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Piecing Together the Puzzle of Uganda’s Elusive Peace

26 August 2006 at 23:47 | 314 views

The Juba Peace Talks in Sudan between the government and the Lord’s Resistance Army are the first step in the right direction. So much is at stake: The 20 year civil war has claimed thousands of lives, the war has brought misery to the Ugandan people, and it has caused destruction and displaced millions of people in their own country. Richard Akum argues that: "If the talks break off with the commitment toward further consultation between both parties, it would have provided a window of opportunity to right the organizational, participatory and temporal frailties of the current effort. A return to arms is definitely not an enviable option"

By Richard Akum, Guest Writer

A complex combination of time, situation and opportunity, have united to create an enabling environment for the ongoing Juba Peace Talks (JPT) between the Government of Uganda (GOU) and the Lord’s Resistance Army (LRA). Snapshots from the past 20 years reveal an asymmetric conflict which has spanned three countries - Uganda, Sudan and the Democratic Republic of Congo. These countries have witnessed egregious violations of human rights - including recorded cases of forced abduction and rape, attacks on civilian populations, the recruitment and retention of child soldiers, and the killing and displacement of millions in Northern Uganda. The current peace talks have far-reaching implications - the local and regional security depend on the JPT, and whether agencies will continue developmental projects in Uganda, as well as in the region, also depends on the peace talks.

To piece together the puzzle of Northern Uganda’s peace prospects, consideration ought to be given to regional involvement in the peace talks, the level of representation of the parties to the talks, their positions on the issues, and the time frame for dialogue and agreement.

Over the past couple of years, the conflict dynamics in Northern Uganda have been altered by a number of factors which include the signing of the Comprehensive Peace Agreement to end Sudan’s 23 years Civil War in January 2005 and the unveiling of International Criminal Court arrest warrants for the LRA’s Joseph Kony, Vincent Otti, Okot Odhiambo, Dominic Ongwen, Raska Lukwiya in October 2005.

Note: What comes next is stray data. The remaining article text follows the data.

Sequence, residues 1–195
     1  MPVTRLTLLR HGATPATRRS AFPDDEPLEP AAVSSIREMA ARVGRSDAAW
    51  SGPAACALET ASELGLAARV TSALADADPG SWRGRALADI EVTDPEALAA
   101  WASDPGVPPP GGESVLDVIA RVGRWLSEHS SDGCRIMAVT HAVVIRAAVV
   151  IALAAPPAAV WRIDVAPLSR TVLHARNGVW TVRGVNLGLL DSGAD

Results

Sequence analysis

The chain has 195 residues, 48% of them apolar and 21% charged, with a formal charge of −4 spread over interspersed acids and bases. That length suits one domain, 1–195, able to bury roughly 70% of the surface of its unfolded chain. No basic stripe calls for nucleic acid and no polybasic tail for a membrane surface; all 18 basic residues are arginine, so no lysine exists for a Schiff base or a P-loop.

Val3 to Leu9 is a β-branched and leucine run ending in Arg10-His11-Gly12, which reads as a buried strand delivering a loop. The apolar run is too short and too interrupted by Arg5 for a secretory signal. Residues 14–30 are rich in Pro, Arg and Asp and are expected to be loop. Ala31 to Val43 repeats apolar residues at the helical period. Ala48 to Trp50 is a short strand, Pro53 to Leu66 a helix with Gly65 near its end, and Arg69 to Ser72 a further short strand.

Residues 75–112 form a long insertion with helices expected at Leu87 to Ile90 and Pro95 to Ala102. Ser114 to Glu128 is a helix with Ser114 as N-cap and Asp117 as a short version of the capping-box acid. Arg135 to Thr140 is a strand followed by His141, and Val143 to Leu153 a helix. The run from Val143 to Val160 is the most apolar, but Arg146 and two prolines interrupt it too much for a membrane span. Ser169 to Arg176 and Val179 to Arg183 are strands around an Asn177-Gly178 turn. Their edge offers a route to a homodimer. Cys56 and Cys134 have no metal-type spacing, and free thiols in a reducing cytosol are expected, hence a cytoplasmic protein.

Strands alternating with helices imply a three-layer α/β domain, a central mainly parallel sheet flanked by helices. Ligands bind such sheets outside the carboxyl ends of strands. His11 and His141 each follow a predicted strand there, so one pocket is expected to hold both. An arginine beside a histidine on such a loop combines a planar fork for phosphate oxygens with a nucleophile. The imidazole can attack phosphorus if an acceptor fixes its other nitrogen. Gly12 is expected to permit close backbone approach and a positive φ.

Yoweri Museveni’s re-election to the Ugandan presidency in February 2006 also contributed to the change of conflict dynamics that make up the two decade long civil war. It is fair to say that all these events have invariably shifted strategic decision-making choices towards the management and sustainable resolution of the conflict in Northern Uganda. Hence the high expectations, coloured by cautious optimism, surrounding the ongoing Juba Peace Talks. It would be remarkable to cap off this series of stabilizing events with a sustainable and comprehensive peace deal in Northern Uganda. However, a few pieces of the peace puzzle remain elusive.

Given the regional implications of the sustained conflict in Northern Uganda, the Juba Peace Talks need to be located within a broader regional organizational mandate. The African Union has a stake in the current peace process, given that the conflict in Northern Uganda is currently Africa’s longest running cross-border intra-state conflict. Meanwhile a strong Inter-Governmental Authority on Development (IGAD) presence at the peace process would show the commitment of regional actors to see a deal emerging from the ongoing talks. These organizational actors would, through their participation, provide leverage to others involved to reach consensus by providing security and monitoring guarantees where they are needed. They would also provide the bridge to trust and confidence-building between both parties. These are all intangible elements that would bolster the current effort being undertaken by the Government of South Sudan.

However, regional participation is legally complicated by the ICC warrants looming over the peace process. The warrants are blamed for Kony’s skepticism to directly participate in the talks. As the argument goes, if Kony steps foot in Juba, UN forces on the ground could arrest him, given the outstanding warrants. This once again raises the long-standing contention between peace and justice. With the commitment of the international community, a just peace can be attained. Simplistically, a coordinated effort by MONUC (United Nations Mission in the Congo) and UNMIS (United Nations Mission in Sudan) forces could enforce the warrants executed by the ICC, and bring the leaders of the LRA to justice, thereby opening the way for tier-two LRA leadership to engage the GOU in peace talks.